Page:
For this writing, I will choose not to touch on any allusions the film might have to Scientology (as soon as the film was announced, countless people assumed The Master would have plenty), but I feel the film is trying to use The Cause as a scapegoat for exploring particular beliefs in ideology, faith, and authority. The film’s second half basically shows Freddie trying to adapt to the customs of The Cause, but once again he has limited success. While Dodd’s teaching does help Freddie (and the audience) uncover some of his inner turmoil, there’s no doubt that he can’t find peace while staying with them, as we still see him having violent outbursts. Critics have noted that the second half of the film has a meandering nature, but I feel that an aura of sameness is necessary for us to have a better grasp on Freddie’s tumultuous frustrations.
Now, I certainly don’t want to spoil the ending for those who haven’t seen it, but I will say here and now that I found the film’s final moments to be something of true beauty. Freddie finally confronts the matter that has ailed him for so long (I do believe he has been literally and symbolically running from his past the whole movie), and then confronts Dodd for one final time where they discuss his character. The two part ways, and then the chilling aura that has carried the movie beforehand seems to dissipate. All of a sudden, the lighting and scenery becomes very bright, and for the first time we see a Freddie having any degree of self confidence. Once again, I’ve heard many complaints that viewers felt Freddie didn’t change at the film’s end, and I honestly find such comments to be naive. For me, the film’s final scene says that Freddie is still a drifter, but now he’s come to appreciate that. The Master ends optimistically, and suggests that Freddie won’t be a bastard anymore, and will instead have a more productive journey ahead of him. After Paul Thomas Anderson gave us such a bleak look at America in There Will Be Blood, I feel the Master’s ending feels in perfect opposition to it. Like Freddie Quell and Lancaster Dodd, both of these movies stand as intriguing parallels to one another.
This is where I find the film most dense, and sympathetic. While I have never dabbled in a cult per se, I have had friendships with people that saw the world in a much different way than I did. I myself have tried to adapt to other’s beliefs whether they be spiritual, religious or otherwise, but often find I just don’t see the world like that. I feel Paul Thomas Anderson is trying to communicate with audiences here that while belief and authority can be a very rewarding thing, it isn’t necessarily for everyone. While I’ve heard plenty of different interpretations on the film, I find many of them are conflicting. Call me simplistic, but I feel The Master’s central message could be as simple as this: Free-will is the highest merit one can obtain in today’s society.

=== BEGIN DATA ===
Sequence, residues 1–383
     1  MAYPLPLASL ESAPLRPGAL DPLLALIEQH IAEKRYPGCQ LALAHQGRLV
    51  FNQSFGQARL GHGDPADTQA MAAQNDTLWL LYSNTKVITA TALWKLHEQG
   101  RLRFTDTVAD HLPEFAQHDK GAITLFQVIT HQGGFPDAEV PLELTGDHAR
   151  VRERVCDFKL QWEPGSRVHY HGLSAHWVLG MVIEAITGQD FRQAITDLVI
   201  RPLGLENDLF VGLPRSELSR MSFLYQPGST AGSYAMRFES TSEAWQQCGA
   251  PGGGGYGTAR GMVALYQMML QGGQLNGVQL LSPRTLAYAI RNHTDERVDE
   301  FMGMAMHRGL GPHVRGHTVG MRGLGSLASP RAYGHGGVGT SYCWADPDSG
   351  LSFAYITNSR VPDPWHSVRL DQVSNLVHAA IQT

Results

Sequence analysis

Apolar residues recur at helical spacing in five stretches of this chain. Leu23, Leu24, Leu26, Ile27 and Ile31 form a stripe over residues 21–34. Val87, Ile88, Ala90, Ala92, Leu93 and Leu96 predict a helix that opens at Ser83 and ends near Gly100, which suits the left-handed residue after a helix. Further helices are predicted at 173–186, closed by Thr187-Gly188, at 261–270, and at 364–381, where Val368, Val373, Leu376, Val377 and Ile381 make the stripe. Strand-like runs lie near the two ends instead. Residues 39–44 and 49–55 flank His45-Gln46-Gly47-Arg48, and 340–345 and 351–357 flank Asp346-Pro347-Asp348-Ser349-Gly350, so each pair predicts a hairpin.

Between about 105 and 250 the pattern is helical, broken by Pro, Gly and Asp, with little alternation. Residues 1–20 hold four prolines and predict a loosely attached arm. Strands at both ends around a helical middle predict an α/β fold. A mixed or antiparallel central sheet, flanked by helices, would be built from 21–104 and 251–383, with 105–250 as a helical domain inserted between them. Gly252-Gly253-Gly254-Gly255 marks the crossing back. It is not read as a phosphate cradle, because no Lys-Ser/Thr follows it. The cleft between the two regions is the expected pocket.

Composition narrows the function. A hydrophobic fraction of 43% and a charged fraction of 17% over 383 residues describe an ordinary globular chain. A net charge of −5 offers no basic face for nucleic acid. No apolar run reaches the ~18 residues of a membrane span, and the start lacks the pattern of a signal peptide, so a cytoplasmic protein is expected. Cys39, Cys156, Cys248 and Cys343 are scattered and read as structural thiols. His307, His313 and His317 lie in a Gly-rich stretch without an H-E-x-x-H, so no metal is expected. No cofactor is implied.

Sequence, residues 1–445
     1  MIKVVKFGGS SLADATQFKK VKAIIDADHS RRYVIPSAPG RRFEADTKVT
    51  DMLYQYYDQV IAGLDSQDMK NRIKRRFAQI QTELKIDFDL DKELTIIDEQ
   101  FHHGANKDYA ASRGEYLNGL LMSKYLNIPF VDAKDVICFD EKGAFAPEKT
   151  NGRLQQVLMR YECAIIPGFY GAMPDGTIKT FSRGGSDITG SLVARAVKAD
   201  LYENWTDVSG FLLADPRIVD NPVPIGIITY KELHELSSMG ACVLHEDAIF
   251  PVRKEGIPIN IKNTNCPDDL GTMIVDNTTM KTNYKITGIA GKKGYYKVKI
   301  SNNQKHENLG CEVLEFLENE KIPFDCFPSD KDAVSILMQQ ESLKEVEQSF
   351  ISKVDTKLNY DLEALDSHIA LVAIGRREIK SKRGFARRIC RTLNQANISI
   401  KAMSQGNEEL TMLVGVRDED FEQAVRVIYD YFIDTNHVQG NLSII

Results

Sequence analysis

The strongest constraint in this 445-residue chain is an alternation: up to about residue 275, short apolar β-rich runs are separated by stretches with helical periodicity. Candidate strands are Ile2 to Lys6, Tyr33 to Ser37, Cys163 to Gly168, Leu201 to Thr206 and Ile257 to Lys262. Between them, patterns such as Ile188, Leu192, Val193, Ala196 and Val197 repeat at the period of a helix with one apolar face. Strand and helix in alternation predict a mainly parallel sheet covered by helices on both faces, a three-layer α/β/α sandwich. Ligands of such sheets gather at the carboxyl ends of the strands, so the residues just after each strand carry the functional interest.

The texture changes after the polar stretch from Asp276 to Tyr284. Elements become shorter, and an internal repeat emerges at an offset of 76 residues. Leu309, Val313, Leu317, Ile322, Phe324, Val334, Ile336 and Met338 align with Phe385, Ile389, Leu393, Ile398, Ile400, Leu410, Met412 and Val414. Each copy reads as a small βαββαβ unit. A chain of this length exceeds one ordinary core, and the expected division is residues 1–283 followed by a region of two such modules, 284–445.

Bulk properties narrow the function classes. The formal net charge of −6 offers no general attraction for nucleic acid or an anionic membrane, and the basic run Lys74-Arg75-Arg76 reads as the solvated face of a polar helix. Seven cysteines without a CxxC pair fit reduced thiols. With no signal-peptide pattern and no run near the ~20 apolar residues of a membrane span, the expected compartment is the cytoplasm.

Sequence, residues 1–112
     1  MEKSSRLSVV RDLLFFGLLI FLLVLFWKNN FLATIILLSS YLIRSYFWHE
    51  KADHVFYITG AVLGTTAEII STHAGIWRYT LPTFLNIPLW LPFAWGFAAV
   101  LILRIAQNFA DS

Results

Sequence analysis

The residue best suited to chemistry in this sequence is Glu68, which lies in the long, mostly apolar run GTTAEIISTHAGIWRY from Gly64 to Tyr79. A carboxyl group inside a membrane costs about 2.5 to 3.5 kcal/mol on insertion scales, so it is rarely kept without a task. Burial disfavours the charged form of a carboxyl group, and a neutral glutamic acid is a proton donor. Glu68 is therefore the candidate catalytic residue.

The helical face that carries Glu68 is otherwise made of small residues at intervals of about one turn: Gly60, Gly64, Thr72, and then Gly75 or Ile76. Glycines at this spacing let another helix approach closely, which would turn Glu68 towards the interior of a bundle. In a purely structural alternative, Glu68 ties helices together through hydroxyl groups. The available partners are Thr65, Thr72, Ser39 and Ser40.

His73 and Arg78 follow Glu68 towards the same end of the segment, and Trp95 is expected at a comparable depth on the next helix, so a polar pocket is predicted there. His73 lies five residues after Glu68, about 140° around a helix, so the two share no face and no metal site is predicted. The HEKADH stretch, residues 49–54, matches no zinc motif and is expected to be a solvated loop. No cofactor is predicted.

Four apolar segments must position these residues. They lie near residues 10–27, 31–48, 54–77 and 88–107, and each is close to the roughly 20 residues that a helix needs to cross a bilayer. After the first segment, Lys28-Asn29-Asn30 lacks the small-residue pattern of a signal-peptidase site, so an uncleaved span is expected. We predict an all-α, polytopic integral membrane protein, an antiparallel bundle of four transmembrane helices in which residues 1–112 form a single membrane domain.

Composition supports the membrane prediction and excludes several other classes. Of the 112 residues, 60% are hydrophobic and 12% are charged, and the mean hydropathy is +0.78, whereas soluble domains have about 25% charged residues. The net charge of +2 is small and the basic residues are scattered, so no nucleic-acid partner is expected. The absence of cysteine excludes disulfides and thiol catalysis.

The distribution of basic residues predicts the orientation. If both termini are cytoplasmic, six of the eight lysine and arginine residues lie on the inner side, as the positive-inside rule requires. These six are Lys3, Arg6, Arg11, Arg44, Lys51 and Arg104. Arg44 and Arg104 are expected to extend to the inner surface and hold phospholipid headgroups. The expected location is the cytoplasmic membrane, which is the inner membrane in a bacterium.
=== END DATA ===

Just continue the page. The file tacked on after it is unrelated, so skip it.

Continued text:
To be honest, much of the criticism that I’ve heard towards The Master is at least somehwat accurate. Yes, the film is flimsy in terms of an arc, there are sub-plots that seem to go nowhere, and Amy Adams’ seems underused. It might have been beneficial if there were a few scenes that were a bit more drawn out, so that we could have some breathing room amidst the film’s plethora of absorbing images. Still, I also feel these flaws speak to what a singular film The Master is too. There have been plenty of film’s that were outstanding spectacles of film making, yet fell apart for me due to experimental story structures (i.e. Tree of Life, Enter the Void, Inland Empire). The Master, however, really does feel universal, and even at it’s weirdest moments it feels so close to home (no small feat considering the film has a period setting as well). The film is also very engrossing, and simply demands attention, and I feel even the film’s harshest critics can feel a really strong sense of purpose in it. Like Badlands and The Last Picture Show before it, The Master is a transcendent work of art that is firmly the product of the history of American film and culture.
Or am I wrong about all this? Did I merely interpret the movie as such just cause I wanted too? Well, even if I did (and I doubt this), that hardly matters. I admit I’ve seen myself as an outsider for most of my life, and I found this film as a firm reminder that none of us are that overtly different from each other. It just all comes down to ideology in the end.